Fets 2018 Nat Chem Biol
|Fets L, Driscoll PC, Grimm F, Jain A, Nunes PM, Gounis M, Doglioni G, Papageorgiou G, Ragan TJ, Campos S, Silva Dos Santos M, MacRae JI, O'Reilly N, Wright AJ, Benes CH, Courtney KD, House D, Anastasiou D (2018) MCT2 mediates concentration-dependent inhibition of glutamine metabolism by MOG. Nat Chem Biol 14:1032-42.|
Fets L, Driscoll PC, Grimm F, Jain A, Nunes PM, Gounis M, Doglioni G, Papageorgiou G, Ragan TJ, Campos S, Silva Dos Santos M, MacRae JI, O'Reilly N, Wright AJ, Benes CH, Courtney KD, House D, Anastasiou D (2018) Nat Chem Biol
Abstract: α-Ketoglutarate (αKG) is a key node in many important metabolic pathways. The αKG analog N-oxalylglycine (NOG) and its cell-permeable prodrug dimethyloxalylglycine (DMOG) are extensively used to inhibit αKG-dependent dioxygenases. However, whether NOG interference with other αKG-dependent processes contributes to its mode of action remains poorly understood. Here we show that, in aqueous solutions, DMOG is rapidly hydrolyzed, yielding methyloxalylglycine (MOG). MOG elicits cytotoxicity in a manner that depends on its transport by monocarboxylate transporter 2 (MCT2) and is associated with decreased glutamine-derived tricarboxylic acid-cycle flux, suppressed mitochondrial respiration and decreased ATP production. MCT2-facilitated entry of MOG into cells leads to sufficiently high concentrations of NOG to inhibit multiple enzymes in glutamine metabolism, including glutamate dehydrogenase. These findings reveal that MCT2 dictates the mode of action of NOG by determining its intracellular concentration and have important implications for the use of (D)MOG in studying αKG-dependent signaling and metabolism.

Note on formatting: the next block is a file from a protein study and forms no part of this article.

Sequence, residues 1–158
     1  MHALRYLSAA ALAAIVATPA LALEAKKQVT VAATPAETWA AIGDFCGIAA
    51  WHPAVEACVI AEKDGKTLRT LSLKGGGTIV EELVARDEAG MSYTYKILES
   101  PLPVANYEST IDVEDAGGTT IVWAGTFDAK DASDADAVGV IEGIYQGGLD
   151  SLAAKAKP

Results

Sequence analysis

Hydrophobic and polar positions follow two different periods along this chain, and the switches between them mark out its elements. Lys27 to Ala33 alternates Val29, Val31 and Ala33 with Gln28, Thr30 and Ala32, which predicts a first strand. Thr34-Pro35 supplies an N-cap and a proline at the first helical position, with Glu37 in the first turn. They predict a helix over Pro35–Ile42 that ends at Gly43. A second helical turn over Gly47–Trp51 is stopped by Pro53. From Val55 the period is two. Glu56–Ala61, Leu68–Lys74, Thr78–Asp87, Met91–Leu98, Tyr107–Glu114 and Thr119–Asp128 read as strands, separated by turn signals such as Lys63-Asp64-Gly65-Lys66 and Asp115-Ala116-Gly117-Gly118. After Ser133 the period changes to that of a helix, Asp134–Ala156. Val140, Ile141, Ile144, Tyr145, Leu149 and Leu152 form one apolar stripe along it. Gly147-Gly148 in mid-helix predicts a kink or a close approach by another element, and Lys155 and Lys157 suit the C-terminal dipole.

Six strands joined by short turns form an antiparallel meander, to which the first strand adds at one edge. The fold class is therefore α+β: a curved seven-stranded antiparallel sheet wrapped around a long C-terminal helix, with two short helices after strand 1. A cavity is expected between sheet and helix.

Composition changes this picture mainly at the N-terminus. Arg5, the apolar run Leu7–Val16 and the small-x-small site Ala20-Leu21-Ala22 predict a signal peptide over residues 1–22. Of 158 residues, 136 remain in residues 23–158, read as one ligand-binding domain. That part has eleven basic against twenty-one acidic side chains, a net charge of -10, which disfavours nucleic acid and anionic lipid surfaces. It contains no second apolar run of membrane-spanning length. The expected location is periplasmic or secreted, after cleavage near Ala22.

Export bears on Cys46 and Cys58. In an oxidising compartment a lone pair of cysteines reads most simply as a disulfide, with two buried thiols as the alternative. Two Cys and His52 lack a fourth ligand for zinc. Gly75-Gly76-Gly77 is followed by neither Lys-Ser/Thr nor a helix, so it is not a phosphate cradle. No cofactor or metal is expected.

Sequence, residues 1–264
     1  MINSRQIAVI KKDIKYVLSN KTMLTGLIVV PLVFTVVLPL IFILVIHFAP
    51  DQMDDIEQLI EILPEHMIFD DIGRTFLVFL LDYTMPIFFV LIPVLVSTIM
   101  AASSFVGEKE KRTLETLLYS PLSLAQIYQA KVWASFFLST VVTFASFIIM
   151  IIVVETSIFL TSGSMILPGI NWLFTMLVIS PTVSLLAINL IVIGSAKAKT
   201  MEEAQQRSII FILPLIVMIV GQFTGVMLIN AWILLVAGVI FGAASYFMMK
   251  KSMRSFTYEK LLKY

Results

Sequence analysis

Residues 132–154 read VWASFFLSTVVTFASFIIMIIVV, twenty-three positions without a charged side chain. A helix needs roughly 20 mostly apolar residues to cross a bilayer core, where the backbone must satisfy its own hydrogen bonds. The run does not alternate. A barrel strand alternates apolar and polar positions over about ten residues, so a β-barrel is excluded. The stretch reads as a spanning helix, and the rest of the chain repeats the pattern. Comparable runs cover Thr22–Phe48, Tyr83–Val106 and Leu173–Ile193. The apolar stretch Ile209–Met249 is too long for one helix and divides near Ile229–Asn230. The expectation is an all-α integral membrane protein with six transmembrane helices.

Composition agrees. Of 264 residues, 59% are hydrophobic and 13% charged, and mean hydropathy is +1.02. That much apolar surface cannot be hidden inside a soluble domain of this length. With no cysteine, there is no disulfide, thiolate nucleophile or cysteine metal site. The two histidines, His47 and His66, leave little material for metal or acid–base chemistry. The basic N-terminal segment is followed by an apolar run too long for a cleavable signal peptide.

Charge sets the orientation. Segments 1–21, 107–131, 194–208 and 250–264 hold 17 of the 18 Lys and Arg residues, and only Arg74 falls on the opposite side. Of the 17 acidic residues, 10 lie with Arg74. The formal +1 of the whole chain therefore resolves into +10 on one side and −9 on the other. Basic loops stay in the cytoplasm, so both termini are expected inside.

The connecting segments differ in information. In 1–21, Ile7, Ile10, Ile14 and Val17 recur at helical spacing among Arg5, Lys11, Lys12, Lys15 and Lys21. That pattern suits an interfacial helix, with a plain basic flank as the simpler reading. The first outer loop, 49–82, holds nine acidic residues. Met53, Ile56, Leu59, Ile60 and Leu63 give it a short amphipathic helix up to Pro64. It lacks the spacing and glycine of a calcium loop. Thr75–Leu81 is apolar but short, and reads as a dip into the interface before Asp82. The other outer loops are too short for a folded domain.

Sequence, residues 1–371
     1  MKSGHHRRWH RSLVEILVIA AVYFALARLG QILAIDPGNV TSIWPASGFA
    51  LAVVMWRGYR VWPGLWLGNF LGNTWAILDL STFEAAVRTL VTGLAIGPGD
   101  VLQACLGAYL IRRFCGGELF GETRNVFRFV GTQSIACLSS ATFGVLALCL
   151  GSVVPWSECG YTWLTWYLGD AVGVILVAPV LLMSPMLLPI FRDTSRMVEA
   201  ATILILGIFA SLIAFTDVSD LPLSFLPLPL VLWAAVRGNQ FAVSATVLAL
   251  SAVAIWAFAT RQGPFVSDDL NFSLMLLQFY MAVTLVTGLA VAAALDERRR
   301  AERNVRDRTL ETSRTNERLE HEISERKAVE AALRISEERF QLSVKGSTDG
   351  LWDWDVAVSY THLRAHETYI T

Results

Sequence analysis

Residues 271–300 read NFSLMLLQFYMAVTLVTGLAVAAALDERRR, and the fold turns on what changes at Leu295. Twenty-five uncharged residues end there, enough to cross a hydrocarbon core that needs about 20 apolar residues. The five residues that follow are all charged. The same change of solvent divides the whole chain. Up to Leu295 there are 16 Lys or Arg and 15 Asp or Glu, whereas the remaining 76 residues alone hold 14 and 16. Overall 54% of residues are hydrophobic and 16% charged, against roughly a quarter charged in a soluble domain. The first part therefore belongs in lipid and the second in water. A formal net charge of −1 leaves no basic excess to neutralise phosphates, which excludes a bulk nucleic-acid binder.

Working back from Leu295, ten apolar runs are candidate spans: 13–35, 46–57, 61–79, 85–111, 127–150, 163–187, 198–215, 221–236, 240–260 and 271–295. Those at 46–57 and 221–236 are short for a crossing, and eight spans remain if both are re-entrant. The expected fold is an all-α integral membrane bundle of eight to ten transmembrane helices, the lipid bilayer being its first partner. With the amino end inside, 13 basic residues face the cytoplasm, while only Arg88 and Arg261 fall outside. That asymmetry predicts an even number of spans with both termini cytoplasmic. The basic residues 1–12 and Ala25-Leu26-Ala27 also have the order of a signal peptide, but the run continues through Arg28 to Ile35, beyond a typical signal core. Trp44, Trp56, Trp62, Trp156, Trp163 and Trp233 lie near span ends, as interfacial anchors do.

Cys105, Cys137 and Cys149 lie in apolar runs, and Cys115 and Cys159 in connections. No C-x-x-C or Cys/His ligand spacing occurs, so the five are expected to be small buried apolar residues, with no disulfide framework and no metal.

Labels: MiParea: Respiration, Genetic knockout;overexpression, Pharmacology;toxicology
Organism: Human Tissue;cell: Endothelial;epithelial;mesothelial cell Preparation: Intact cells, Permeabilized cells Enzyme: TCA cycle and matrix dehydrogenases
Coupling state: OXPHOS Pathway: N HRR: Oxygraph-2k